To make beer or brewing beer, barley is sprouted (or malted), a process that increases the nutritional value of the cereals used. Sprouting also increases the vitamin content of beer. Despite this fermentation process, beer remains about 90 to 95 percent water with a relatively low alcohol content. Beer ranges from less than three percent alcohol by volume (abv) to around 14 percent abv.
Dr. Erik Skovenborg from Denmark, regarded as an expert on the effects of moderate alcohol consumption on health, said in 2001 that moderate drinking means drinking within the limits of your own health, always taking into account your family and friends. It’s a definition almost similar to that in the 1995 Dietary Guidelines for Americans. He noted most men and women tend to drink moderately, and argued a distinction should be made between the moderate consumption of alcoholic beverages and alcohol abuse or alcoholism.
He also said there isn’t a definite answer as to whether beer is fattening. The “amber nectar,” however, must be drunk in moderation and at meal times to head off weight problems. According to some studies, the infamous “beer belly” linked to obesity in beer drinkers might not be due to the beer at all but to other factors such as the consumption of food high in calories and rich in fat.
In addition, alcohol should never be imbibed along with potentially addictive medicines such as tranquillizers, sleeping pills and barbiturates. Persons with stomach, liver or pancreas problems shouldn’t drink alcoholic beverages. Taking either aspirin or paracetamol before or after alcohol consumption can seriously damage the stomach lining and should be avoided.
HDL and Antioxidant Benefits
Data was presented to members of the European Parliament and Europeans at the 2nd Beer & Health Symposium in Belgium in October 2001 to support the case for the benefits of a moderate consumption of beer. Among these contentious pieces of scientific evidence is the alcohol in beer could increase serum levels of HDL; that alcohol’s an antioxidant; that drinking moderately may protect the heart from future heart attacks and that beer contains vitamins vital to the body.
Proponents of moderate beer and alcohol drinking say the amount of HDL in the blood increases when alcohol is consumed. Higher levels of HDL have been shown to be associated with a lower risk of coronary heart disease. One glass of beer a day can significantly increase HDL levels, according to some research.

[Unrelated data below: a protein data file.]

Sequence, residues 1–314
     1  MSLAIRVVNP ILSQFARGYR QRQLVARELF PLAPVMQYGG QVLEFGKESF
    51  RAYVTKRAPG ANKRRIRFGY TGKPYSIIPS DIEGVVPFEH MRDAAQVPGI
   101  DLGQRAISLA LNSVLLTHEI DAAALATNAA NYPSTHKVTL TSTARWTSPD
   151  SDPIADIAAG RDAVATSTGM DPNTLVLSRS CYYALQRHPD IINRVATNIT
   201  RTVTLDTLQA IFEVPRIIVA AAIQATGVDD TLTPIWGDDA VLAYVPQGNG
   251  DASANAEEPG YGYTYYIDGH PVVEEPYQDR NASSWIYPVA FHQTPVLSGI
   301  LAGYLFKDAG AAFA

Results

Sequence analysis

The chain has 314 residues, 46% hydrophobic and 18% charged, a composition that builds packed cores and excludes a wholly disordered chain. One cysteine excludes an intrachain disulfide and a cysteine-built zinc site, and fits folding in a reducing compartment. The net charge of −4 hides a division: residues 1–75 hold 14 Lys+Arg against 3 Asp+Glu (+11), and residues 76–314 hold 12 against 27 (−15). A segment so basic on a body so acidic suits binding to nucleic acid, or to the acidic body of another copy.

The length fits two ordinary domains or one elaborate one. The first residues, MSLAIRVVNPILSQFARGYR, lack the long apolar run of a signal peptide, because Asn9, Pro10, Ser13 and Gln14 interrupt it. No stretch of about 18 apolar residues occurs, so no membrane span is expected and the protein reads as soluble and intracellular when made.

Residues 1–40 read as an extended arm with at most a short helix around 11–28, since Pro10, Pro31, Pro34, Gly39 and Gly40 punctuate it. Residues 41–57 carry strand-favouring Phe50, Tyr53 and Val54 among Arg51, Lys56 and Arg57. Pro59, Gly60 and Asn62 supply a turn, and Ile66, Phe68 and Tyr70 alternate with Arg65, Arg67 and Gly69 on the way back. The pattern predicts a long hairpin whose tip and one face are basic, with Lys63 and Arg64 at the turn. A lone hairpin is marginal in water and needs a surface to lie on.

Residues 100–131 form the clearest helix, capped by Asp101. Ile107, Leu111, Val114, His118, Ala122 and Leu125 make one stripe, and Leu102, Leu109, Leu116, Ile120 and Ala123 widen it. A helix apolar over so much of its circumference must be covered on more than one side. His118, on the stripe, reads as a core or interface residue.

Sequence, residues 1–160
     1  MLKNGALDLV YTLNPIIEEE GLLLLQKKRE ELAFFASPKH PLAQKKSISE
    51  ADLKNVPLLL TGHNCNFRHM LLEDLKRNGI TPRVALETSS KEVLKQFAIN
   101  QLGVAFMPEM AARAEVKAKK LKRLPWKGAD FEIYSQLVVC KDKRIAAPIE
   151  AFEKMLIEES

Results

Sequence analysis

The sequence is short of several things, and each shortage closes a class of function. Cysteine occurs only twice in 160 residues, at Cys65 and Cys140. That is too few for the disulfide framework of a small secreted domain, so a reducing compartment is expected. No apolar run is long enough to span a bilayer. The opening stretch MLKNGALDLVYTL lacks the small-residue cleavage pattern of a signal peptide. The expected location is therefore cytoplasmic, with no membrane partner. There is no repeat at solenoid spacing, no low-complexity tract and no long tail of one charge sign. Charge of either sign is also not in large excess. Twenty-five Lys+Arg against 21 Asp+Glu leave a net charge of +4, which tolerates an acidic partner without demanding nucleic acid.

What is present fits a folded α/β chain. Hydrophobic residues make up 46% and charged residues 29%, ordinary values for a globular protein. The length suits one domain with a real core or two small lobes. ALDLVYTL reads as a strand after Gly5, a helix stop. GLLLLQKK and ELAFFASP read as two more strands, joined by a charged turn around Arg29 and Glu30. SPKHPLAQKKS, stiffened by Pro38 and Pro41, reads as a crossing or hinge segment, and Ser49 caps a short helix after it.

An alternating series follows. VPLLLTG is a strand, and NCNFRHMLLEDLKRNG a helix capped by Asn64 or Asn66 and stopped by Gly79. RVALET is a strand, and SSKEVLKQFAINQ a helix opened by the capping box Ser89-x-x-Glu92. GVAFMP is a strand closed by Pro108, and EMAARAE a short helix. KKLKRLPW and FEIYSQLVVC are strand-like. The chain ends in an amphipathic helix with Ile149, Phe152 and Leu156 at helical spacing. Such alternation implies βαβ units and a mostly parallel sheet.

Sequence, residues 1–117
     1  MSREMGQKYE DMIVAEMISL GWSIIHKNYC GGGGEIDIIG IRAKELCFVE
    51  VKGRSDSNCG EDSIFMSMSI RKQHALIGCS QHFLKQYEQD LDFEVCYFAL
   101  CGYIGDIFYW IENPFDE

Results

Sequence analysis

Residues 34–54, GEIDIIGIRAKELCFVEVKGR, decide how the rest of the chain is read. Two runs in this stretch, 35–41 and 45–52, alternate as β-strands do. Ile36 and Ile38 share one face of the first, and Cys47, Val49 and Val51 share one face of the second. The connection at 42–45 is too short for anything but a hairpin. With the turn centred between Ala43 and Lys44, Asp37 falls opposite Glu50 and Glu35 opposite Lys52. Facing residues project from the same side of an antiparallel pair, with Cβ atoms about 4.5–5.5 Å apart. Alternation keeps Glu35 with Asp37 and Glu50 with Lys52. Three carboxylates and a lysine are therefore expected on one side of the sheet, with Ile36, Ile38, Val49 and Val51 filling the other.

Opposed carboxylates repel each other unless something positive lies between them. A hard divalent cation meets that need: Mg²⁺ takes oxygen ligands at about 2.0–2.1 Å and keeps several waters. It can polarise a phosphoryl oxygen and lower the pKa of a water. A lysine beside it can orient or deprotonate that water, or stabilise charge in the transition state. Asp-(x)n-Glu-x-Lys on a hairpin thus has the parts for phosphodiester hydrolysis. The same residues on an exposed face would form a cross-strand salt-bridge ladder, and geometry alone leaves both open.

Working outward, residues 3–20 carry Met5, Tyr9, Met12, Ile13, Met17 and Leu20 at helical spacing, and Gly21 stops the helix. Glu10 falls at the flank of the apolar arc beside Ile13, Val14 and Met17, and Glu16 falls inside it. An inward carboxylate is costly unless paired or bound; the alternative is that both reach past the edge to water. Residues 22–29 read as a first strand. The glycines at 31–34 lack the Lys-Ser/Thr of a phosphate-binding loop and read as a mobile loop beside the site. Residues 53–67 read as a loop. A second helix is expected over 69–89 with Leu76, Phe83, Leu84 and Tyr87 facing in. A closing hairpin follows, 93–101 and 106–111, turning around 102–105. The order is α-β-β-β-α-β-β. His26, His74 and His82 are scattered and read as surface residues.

The antioxidant benefit derived from beer is due to cereal grains such as malted barley. Cereal grains are a good source of antioxidants. One study showed that beer (both light and dark varieties) high in antioxidants generally have a high content of “polyphenols” that may reduce the risk of cardiovascular disease and cancer by still undefined mechanisms. Beer contains half the amount of antioxidants in red wine but more than twice that in white wine per drink of equivalent alcohol content. One bottle of wine is equivalent to six glasses of beer.
It’s not that well known but beer also contains vitamins. Beer is rich in most of the B- vitamins such as riboflavin (B2), niacin (B3), panthothenic acid (B5), pyridoxine (B6), biotin (B7), folate or folic acid (B9) and Cobalamin (B12). Research has shown that taking more Vitamin B9 or folates may provide protection against cardiovascular disease and cancer. An adequate folate levels is vital for the normal functioning of the enzymes responsible for healthy DNA.
To derive the most out of the health benefits accruing moderate beer drinking, one must also make healthy lifestyle changes such as having a healthy diet and regular exercise. No, it doesn’t mean drinking more beer. That would be alcohol abuse, which is dangerous both to the drinker’s health and to the safety of those around him. And remember there’s strong scientific evidence heavy drinkers don’t benefit from the significantly reduced CHD risk that comes only with moderate drinking.
Drinking too much or too fast causes headaches, nausea and a loss of control and judgment, all of which are dangerous and must be avoided. Sadly, drunk driving remains a leading cause of road accidents worldwide. Data from the Philippine National Police show drunk driving incidents rose by over six percent, or from 692 cases in 2008 to 735 cases in 2009. In the USA, some 11,800 persons died as a result of drunk driving accidents in 2008.
“Everything in moderation. Nothing in excess,” is a laudable aphorism to remember when drinking beer, wine or any alcoholic beverage.